Requiring high levels of technical capability and detailed knowledge of the rules, Class specifications are very stringent and all-encompassing, including stipulated grades of steel, coded welding that is fully documented, and 12-hour vessel endurance sea trials.
Of 34m LOA, Alcedo is the biggest new boat to have been built by Parkol Marine Engineering, and is also the biggest vessel to be built in the UK for 20 years. That the vessel was rolled out of Parkol’s extensive fabrication premises at Middlesbrough and lifted into the river Tees virtually ready to steam to Whitby for completion and fishing trials illustrates the benefits of the company expanding its operational bases to include a second facility.
Further evidence of this was provided by the fact that Alcedo sailed on her first trip from Whitby just three days before the 18.9m vivier-crabber Osprey WK 4 cleared the pier ends to head home to Scrabster. Completing two new builds within a week indicates how far Parkol Marine Engineering has come since the company built its first new boat, the under-10m scalloper/trawler Jacqueline Anne OB 555, in 1997.
While Alcedo was fishing her third trip in the North Sea before landing into Peterhead at the beginning of last week, John King said: “Keeping up with the times is an important consideration in any business. West Coast Sea Products took delivery of its last new boat, the 21.3m beam scalloper King Challenger, in 2006.
“Since then, scallop fishing has continued to evolve, as have crew requirements and regulations. Alcedo is therefore designed to be suitable for fishing in all areas around the UK, with optimum levels of operational efficiency, safety and crew comfort.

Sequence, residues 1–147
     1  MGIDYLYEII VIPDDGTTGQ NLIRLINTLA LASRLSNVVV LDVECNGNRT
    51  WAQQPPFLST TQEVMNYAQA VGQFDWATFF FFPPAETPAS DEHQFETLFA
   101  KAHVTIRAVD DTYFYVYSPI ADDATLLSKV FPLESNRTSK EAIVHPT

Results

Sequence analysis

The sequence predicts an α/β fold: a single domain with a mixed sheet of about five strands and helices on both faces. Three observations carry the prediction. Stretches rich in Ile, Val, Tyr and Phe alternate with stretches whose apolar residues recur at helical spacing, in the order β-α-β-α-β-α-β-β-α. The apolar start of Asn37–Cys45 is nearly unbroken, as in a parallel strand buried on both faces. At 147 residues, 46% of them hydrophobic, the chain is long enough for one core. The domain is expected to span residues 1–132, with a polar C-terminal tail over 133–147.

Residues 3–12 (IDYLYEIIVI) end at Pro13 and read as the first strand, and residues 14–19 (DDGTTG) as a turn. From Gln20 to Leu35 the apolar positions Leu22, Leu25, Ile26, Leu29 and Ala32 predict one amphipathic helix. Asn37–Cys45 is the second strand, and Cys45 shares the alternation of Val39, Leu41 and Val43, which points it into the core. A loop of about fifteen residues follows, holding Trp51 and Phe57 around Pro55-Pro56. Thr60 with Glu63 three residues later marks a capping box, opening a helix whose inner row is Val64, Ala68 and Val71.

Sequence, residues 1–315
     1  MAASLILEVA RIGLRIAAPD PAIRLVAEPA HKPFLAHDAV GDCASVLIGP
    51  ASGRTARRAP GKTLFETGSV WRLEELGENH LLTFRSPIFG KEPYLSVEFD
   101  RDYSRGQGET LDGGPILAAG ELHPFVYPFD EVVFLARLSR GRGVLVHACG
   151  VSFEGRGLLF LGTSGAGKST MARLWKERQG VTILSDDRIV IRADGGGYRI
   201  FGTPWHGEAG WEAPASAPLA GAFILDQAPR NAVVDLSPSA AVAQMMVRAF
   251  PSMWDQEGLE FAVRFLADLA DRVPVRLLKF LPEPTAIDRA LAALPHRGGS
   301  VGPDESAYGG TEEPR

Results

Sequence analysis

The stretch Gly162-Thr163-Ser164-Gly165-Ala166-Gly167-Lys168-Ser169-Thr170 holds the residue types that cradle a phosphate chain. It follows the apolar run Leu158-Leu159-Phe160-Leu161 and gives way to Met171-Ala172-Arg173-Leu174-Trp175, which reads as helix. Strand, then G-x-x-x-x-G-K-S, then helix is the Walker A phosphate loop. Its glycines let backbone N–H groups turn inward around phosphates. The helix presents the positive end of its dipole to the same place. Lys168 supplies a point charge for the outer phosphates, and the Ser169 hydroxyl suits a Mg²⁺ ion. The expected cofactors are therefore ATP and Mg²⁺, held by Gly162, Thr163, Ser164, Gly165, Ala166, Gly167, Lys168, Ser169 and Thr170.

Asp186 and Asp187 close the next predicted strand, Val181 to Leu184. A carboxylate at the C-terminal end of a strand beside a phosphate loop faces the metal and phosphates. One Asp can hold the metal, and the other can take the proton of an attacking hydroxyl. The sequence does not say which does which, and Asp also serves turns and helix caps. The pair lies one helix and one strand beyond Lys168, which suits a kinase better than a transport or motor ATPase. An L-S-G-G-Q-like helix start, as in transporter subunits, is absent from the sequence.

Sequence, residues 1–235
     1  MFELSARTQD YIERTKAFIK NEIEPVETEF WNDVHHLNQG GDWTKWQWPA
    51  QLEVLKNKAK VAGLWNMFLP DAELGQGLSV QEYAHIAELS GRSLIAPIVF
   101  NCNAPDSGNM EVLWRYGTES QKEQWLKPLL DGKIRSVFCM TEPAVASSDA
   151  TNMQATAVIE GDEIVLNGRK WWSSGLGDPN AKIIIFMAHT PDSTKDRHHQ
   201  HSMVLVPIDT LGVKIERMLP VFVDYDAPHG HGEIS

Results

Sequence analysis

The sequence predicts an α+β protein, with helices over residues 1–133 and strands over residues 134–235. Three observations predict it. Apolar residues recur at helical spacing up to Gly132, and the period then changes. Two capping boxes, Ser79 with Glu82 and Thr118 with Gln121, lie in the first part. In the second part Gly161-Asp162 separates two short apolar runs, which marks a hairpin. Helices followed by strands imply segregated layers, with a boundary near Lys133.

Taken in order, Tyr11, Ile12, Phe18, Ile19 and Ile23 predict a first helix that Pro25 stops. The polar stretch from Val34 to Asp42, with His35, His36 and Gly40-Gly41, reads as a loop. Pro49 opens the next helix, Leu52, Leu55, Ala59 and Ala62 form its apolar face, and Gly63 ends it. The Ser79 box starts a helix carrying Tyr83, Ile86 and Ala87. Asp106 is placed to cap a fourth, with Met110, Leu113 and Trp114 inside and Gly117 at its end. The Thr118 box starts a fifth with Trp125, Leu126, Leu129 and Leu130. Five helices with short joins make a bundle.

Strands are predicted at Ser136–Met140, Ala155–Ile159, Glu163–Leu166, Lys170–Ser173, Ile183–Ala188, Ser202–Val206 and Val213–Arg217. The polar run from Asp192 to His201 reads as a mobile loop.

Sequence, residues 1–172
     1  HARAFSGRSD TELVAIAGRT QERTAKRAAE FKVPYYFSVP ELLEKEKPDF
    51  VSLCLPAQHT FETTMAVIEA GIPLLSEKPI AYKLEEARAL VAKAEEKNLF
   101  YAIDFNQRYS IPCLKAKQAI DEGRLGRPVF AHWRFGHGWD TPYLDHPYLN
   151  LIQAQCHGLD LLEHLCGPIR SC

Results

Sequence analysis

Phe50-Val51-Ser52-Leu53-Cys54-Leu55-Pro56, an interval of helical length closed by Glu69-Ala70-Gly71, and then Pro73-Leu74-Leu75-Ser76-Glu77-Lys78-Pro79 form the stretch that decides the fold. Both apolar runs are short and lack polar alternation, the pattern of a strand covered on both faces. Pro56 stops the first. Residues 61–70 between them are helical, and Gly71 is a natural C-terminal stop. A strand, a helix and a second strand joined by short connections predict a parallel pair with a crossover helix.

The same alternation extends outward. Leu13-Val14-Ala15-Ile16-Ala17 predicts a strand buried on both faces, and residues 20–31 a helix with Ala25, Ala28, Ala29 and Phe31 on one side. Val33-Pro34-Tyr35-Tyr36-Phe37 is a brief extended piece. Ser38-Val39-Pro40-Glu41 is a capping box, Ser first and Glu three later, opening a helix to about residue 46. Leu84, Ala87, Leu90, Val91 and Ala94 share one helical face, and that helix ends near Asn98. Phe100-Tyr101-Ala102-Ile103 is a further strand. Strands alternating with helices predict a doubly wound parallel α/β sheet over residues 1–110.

“Although there is seldom such a thing as a right time to order a new vessel, given the long lead-in period to taking delivery of it, at some point you have to take the plunge.
“Ordering Alcedo was clearly a very big and difficult decision to take, not least because Brexit is still ahead of us, hence an unknown quality.
“Consolidating supplies of king and queen scallops for processing by West Coast Sea Products in Kirkcudbright lies at the heart of the company’s business, and therefore is of paramount importance. Landings from King Challenger BA 87, King Explorer BA 829, Kingfisher BA 810, the Eurocutter Osprey BA 4, previously skippered by Jamie Clarke [Mobile Shellfish Fisherman of the Year winner at the Fishing News Awards 2019], and now Alcedo – which is the Latin name for ‘kingfisher’ – form the main source of supply for West Coast Sea Products Ltd.